An easy version of cippino, the classic San Francisco fisherman's stew with tomatoes, wine, mussels, scallops, shrimp, and fish.
'Mussels' on Serious Eats
This quick and easy seafood pasta recipe combines both fresh clams and mussels along with sweet cherry tomatoes and includes tips to ensure your seafood is fresh and prepared properly.
According to Rachel Allen, mussels with bread crumbs were immensely popular in Ireland back in the 1980s. Yet their retro appeal holds true today and her version in Rachel's Irish Family Food, is anything but kitschy. In it, plump, just-steamed mussels get a quick trip under a hot broiler topped with super buttery breadcrumbs laced with garlic and parsley. The final result is a briny, succulent bite, colorful and rich.
Mussels and shrimp in a curry-scented coconut broth flavored with cilantro and chilies. Dinner for two with one skillet in 25 minutes or less.
Mussels are one of those easy dinners that can so easily get overlooked when bombarded by quick-cooking fish fillets and chicken breasts at the market. But mussels are just as quick and easy (if not easier) to prepare than fish, and they're a year-round sustainable source of seafood. Pop them in a pot of flavorful broth, and they'll be done before you can set the table. Adding even more reason to pick up a couple of pounds of shellfish is the Red Curry Mussels with Kimchi from Lauryn Chun's new Kimchi Cookbook. Here, she swaps in kimchi for more traditional lemongrass in a coconut-red curry sauce. The kimchi brings funk, spice, and salinity to the broth, enhancing the creamy brininess of the mussels.
Rendered chorizo adds great flavor and heat to this quick dinner dish.
Aside from mussels, there are few other seafoods that so easily lend themselves to quick cooking, and even faster eating. After all, to manipulate a mound of mussels into a meal, a simple steam in broth or other flavorful liquid is all that is needed to pop the bivalves open. But fast doesn't have to be bland. In fact, I find the Belgian method of steaming mussels with a white ale (or any beer really) to be of the utmost flavor—especially when the whole mess is embellished with crunchy bacon.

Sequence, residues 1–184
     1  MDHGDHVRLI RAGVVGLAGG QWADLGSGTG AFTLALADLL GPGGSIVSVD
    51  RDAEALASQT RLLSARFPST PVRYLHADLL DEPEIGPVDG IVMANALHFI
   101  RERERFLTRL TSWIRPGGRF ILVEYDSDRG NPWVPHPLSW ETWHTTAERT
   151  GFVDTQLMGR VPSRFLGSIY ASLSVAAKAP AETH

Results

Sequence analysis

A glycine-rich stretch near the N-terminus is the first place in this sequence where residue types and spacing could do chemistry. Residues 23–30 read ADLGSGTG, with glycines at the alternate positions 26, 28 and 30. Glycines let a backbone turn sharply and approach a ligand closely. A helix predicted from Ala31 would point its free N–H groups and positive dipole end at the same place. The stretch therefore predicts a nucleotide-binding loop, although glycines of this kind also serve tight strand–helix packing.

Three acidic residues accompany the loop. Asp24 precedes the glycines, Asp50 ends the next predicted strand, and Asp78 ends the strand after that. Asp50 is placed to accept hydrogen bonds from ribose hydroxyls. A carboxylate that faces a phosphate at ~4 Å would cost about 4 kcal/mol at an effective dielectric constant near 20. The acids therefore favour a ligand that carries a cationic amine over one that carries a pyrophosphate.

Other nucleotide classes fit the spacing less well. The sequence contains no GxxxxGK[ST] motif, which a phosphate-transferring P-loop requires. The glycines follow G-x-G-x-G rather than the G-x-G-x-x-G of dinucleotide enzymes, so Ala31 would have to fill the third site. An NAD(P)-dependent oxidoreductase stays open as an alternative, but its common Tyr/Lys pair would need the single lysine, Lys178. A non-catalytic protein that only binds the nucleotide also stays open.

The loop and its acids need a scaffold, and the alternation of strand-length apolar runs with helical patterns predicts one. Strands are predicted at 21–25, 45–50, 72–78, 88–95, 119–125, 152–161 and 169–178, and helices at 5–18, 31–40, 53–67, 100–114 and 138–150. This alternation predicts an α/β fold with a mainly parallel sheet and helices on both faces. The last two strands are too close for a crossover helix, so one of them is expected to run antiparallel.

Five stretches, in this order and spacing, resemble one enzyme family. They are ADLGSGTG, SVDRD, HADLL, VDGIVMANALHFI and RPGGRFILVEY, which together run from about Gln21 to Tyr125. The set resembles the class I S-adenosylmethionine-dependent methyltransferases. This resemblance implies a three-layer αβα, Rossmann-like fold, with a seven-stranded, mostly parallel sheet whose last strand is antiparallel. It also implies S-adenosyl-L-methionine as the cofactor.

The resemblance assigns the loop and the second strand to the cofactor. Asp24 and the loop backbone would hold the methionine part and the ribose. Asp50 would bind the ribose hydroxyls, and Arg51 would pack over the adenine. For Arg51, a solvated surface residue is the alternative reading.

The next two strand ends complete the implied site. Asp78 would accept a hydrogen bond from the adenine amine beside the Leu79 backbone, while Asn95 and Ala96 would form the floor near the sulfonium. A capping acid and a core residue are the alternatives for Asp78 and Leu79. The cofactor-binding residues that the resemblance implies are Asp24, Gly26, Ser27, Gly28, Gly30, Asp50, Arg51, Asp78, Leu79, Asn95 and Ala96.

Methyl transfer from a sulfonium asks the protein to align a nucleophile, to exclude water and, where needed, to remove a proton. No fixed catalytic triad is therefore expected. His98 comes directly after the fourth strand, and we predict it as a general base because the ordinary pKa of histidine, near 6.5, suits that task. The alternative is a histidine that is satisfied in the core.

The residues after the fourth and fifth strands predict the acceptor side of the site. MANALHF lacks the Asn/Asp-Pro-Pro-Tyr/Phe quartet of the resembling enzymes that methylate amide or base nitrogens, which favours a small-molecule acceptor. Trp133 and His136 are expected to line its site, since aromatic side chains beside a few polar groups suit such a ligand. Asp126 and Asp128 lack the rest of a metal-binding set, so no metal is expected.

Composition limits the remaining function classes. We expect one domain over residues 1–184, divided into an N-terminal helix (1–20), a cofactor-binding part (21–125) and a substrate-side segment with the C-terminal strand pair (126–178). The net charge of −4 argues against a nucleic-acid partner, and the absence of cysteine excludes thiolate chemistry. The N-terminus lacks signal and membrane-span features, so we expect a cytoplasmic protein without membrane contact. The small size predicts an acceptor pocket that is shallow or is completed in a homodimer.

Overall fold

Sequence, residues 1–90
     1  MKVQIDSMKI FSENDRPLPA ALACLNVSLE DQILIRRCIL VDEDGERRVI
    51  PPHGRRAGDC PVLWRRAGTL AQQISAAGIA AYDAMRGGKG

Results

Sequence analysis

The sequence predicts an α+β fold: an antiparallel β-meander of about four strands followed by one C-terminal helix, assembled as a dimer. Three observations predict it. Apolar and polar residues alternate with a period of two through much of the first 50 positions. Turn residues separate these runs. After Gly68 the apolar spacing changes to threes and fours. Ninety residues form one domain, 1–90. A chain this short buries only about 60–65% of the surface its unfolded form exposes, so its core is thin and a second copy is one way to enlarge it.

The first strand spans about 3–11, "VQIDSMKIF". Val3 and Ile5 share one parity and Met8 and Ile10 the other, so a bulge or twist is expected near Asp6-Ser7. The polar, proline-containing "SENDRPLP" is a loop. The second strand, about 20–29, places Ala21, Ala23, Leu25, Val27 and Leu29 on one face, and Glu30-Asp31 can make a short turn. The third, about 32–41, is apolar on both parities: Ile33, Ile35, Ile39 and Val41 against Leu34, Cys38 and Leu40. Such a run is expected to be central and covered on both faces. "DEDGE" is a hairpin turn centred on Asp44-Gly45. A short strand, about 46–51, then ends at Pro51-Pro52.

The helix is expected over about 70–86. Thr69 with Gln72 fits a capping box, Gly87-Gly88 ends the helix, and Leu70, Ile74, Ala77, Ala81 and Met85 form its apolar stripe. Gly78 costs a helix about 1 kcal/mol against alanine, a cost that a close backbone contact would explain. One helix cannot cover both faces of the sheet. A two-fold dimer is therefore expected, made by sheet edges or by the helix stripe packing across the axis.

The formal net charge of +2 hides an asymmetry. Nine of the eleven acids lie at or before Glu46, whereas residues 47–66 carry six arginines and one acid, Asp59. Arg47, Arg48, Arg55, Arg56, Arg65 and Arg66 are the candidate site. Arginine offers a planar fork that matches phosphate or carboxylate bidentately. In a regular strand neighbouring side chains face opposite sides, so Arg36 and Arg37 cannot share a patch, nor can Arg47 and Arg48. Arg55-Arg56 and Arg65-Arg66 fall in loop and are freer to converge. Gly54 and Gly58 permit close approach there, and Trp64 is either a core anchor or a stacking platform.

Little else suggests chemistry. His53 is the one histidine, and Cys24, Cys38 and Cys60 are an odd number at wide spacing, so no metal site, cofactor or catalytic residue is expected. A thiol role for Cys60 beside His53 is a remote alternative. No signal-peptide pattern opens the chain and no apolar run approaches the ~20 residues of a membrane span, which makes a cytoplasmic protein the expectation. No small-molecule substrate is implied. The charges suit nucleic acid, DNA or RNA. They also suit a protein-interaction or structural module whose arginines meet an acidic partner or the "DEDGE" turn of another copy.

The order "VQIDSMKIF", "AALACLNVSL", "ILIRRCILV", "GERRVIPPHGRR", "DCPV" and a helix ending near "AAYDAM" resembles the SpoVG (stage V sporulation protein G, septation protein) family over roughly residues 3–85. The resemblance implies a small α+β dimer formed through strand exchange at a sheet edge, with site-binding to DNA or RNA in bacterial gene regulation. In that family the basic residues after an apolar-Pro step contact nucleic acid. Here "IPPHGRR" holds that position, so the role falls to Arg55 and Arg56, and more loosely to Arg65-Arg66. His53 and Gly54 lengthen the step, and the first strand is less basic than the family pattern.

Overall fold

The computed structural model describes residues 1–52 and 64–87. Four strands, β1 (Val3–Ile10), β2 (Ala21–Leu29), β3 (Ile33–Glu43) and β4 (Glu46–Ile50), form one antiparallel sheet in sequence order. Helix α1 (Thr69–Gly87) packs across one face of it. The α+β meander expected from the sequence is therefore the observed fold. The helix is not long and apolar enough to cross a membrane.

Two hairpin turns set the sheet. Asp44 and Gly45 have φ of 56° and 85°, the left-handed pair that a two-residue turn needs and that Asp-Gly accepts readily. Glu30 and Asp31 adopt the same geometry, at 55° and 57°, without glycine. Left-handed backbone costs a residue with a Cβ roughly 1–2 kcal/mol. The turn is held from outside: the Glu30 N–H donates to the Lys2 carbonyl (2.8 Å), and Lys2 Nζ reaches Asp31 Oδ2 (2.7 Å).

Sweet, plump onyx mussels get stewed with olive oil, tender shallots, woodsy thyme, Sauvignon Blanc, rich cream, and pungent, sharp, blue Roquefort. I serve it with ice cold dry, hard apple or pear cider from the north of France.
Seashore mussels are stewed in a simple but exotic broth of coconut milk, lime, cilantro, lemongrass, and chilies. Spooned over rice noodles, there is nothing better than this easy, exotic one-pot classic.
[Photograph: Blake Royer] Adapted from Lucid Food. About the author: Blake Royer is a food writer, photographer, and filmmaker based in Chicago; he has been writing for Serious Eats since 2007. You can follow him on Twitter @blakeroyer....
There are essentially two ways to approach this dish. The first is as a straightforward, satisfying mussel dish with a pretty good broth. Though certainly not my absolute favorite way to cook bivalves, it's tasty and ultimately worthy as a quick weeknight dinner. Not to mention, it's also a Ferran Adrià-approved recipe from his latest cookbook, The Family Meal, which means there are some high expectations.
A big steamy pot of creamy mussels soaked in two different kinds of mustard, shallots, leeks, garlic, thyme, and wine. Make sure to buy lots of baguettes to soak up this broth.
Heady, spicy curry and sweet mild cream mix with the briny juices from the mussels and the green peas to make the most delicious, unusual pot of mussels you've ever tasted. Serve with plenty of warm naan to soak up that broth.
This stew has many of the same ingredients of a bouillabaisse, but comes together with a few simple steps. Adding the fish in two stages allows the first addition to break down and fortify the tomato broth, and the second to add some meaty substance to the final product. This stew is great with a simple loaf of Italian bread, but would go very well with some thick pasta (like pappardelle) and a big green salad.
Shellfish and crustaceans have a natural affinity for anise-y, licorice-y flavored things. Bouillabaisse isn't really complete without a few slices of fennel and mussels steamed with Pernod. But I'd never thought to add tarragon to the seafood before coming across this Ragoût of Shellfish in At Elizabeth David's Table. The recipe begins with an incredibly flavorful roux of butter, onion, garlic, a bit of sugar, and white wine. In classic Elizabeth David fashion, the amount of tarragon added is entirely up to the chef.
There is something about creamy saffron mussel anything that just works. Simple mussels, stewed with sweet, just-burst tomatoes, thick sweet cream, and pungent, almost-bitter saffron. I dare you not to drink the broth like soup.
Of course, bacon is almost always a good idea, but the fennel is just as important. Butter also helps make the sauce luxurious, while the lemon helps sharpen the flavor. You will need some crusty bread to dip into the liquid. But the best part is still the mussels themselves. Each one is briny, and yet enveloped in the bacony sauce.
The food of Provence, in the south, is our own personal French diet cookbook. Seafood tossed with fresh tomatoes, bright herbs, garlic, and chili makes for the perfect dinner. The French don't get fat for a reason.
This pasta is based on a creamy saffron mussel soup I learned at cooking school in Paris. It was salty from the briny liqueur the mussels leach out into the pot, luscious and sweet from the cream, and heady and intoxicating from the scent of the saffron. This is my version, done on the cheap, built to fill you up.